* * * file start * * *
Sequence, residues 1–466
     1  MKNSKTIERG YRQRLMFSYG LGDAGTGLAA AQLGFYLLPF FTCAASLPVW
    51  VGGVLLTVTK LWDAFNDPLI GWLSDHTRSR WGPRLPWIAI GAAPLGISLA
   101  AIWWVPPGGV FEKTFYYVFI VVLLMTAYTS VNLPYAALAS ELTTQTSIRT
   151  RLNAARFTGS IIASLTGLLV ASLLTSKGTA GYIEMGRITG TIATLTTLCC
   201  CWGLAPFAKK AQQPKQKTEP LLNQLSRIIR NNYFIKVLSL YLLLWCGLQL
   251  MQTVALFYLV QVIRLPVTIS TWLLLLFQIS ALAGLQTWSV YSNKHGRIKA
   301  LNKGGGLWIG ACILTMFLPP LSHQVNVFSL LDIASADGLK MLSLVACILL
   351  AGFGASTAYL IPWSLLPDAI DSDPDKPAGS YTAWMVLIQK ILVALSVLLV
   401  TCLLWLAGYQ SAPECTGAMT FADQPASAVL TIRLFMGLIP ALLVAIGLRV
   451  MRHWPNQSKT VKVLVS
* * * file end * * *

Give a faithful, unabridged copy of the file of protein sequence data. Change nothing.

Sequence, residues 1–466
     1  MKNSKTIERG YRQRLMFSYG LGDAGTGLAA AQLGFYLLPF FTCAASLPVW
    51  VGGVLLTVTK LWDAFNDPLI GWLSDHTRSR WGPRLPWIAI GAAPLGISLA
   101  AIWWVPPGGV FEKTFYYVFI VVLLMTAYTS VNLPYAALAS ELTTQTSIRT
   151  RLNAARFTGS IIASLTGLLV ASLLTSKGTA GYIEMGRITG TIATLTTLCC
   201  CWGLAPFAKK AQQPKQKTEP LLNQLSRIIR NNYFIKVLSL YLLLWCGLQL
   251  MQTVALFYLV QVIRLPVTIS TWLLLLFQIS ALAGLQTWSV YSNKHGRIKA
   301  LNKGGGLWIG ACILTMFLPP LSHQVNVFSL LDIASADGLK MLSLVACILL
   351  AGFGASTAYL IPWSLLPDAI DSDPDKPAGS YTAWMVLIQK ILVALSVLLV
   401  TCLLWLAGYQ SAPECTGAMT FADQPASAVL TIRLFMGLIP ALLVAIGLRV
   451  MRHWPNQSKT VKVLVS